At Rustling Roots we offer several internships for university students in specific academic areas. some of our internship projects are within our expertise and therefore come with a fair bit of mentorship and guidance, while others are far outside our expertise and consequently require more initiative and direction from the interns.

Our overall mission with the internship program is to support research and development in the areas that we perceive as relevant to a future scant in material and energy inputs, but rich in connections and life satisfaction.

Our vision is based in principles of permaculture, where diversity, complexity, symbiosis and efficiency are both instrumental and apriori values to a better future.

Appropriate technology
We seek to develop simple, affordable, and efficient technology to support disconnection from the central grid while enabling a wide range of applications. Here is a list of current and planned projects:
1. virtual fencing: managing livestock on a small scale without the use of fencing
2. non-chemical energy storage such as thermal or mechanical
3. higher voltage DC electricity appliances
4. smart load management to minimize peak demand
5. creating small electric vehicles for transportation, forestry, and agricultural applications
6. developing small scale direct solar technology to perform tasks typically reserved for large expensive equipment such as pond digging, well drilling, and ground leveling.

Social Science
We ask one simple question: what does it take for people to accept a change towards a more sustainable future? This question could be addressed from many disciplines or paradigms. We start with some basic questions:
1. what kind of world do people want to live in? how much do we vary? do we have enough imagination to think of a different world? how much time do we spend thinking of it? and how do we feel about different ideas of what the world could become?
2. what do we think of as the main problems facing our world today? where is the main injustice? what do we attribute those to? do we blame human nature or do we believe in it? how open are we to a different story? how much do we care and how does context and framing affect our perception?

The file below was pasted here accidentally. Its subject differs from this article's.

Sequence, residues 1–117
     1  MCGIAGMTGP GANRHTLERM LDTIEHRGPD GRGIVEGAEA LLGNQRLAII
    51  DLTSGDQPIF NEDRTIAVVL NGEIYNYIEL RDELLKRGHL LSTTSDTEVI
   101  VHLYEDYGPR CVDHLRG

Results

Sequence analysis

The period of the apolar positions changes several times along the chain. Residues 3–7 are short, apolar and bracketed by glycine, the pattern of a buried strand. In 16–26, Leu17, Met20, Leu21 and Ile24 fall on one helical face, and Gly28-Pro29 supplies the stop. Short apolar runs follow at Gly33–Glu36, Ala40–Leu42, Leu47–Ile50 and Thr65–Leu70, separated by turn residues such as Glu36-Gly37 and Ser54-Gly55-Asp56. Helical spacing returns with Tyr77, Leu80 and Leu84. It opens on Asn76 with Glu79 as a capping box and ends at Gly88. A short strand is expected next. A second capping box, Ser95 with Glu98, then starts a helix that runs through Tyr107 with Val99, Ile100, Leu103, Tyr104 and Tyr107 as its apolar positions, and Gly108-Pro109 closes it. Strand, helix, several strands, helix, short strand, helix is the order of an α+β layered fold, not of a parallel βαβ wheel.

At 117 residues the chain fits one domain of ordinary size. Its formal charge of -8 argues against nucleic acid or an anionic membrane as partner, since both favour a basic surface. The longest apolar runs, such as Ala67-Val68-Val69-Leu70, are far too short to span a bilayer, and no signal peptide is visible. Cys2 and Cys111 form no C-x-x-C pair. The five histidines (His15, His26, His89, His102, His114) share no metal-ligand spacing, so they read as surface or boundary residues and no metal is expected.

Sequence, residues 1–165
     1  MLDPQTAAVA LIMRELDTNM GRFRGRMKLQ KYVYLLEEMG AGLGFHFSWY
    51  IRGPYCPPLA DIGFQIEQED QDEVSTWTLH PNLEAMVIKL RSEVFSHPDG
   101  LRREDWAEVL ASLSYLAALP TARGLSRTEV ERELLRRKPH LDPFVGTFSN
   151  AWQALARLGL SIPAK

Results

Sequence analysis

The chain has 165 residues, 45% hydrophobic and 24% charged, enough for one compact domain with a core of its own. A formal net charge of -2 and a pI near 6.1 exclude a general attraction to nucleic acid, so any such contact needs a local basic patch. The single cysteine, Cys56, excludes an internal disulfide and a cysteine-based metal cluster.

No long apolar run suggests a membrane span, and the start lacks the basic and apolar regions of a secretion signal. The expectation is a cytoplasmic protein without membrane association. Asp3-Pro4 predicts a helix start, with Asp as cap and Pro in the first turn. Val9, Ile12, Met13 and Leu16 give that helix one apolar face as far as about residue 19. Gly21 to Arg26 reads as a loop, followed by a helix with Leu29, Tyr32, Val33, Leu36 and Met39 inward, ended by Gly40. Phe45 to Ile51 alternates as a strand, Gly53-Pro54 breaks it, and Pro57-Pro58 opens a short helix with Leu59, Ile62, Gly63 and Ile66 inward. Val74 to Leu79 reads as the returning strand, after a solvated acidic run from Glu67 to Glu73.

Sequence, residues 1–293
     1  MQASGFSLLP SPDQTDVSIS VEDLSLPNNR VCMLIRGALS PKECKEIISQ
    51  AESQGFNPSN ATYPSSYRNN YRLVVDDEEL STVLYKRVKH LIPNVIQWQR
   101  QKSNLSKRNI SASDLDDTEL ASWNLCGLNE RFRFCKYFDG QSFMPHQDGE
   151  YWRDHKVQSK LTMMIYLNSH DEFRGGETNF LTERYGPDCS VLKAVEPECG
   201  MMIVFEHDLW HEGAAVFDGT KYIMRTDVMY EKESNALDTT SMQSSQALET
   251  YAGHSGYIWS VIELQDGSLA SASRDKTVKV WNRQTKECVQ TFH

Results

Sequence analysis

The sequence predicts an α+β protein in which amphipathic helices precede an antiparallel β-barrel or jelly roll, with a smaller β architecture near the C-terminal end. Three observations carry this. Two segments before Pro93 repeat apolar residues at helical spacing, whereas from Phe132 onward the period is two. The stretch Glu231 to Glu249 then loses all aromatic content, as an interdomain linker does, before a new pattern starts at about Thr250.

3. do we feel empowered to make a change for the better? do we feel like its our job to change this world? and if not who’s is it?
4. are there economic or game-theoretic aspects that can better explain the tragedies of our time, or are there specific cultural factors that stand behind them?
5. how much of these cultural factors lie in the “story of separation” so ubiquitous in our society?
6. are love and greed easily dissociable? how much do they matter to the kind of world we are creating?
7. in past and current utopian experiments: how well do people do? how much do they achieve their ideals? and why are they so uncommon?

Art / Museum Models
Since the development of copying and mass distribution, art has suffered a massive drop in the number of people who engage in its creation, and yet art is one of the areas where the ratio of percent of people who wish they could devote their lives to it, and those who actually make a living from it, might be the highest of all.
Here at Rustling Roots we offer several internships both in creating mechanical representations in our sustainable living museum, and producing conceptual depictions of people’s relationships to nature.
Project ideas include:
1. creating a mechanical display of the ratio between inputs and outputs of various agricultural products such as animal proteins, sugar, topsoil loss, etc.
2. creating a mechanical representation of a web of interdependence within an ecological system displaying both its resilience and susceptibility to catastrophic collapse.
3. creating a living biological model of oxygen and CO2 within a closed system
4. constructing art that gets completed by living or weathering forces
5. making a poetry walk in the forest with poems depicting the experience of nature written on natural surfaces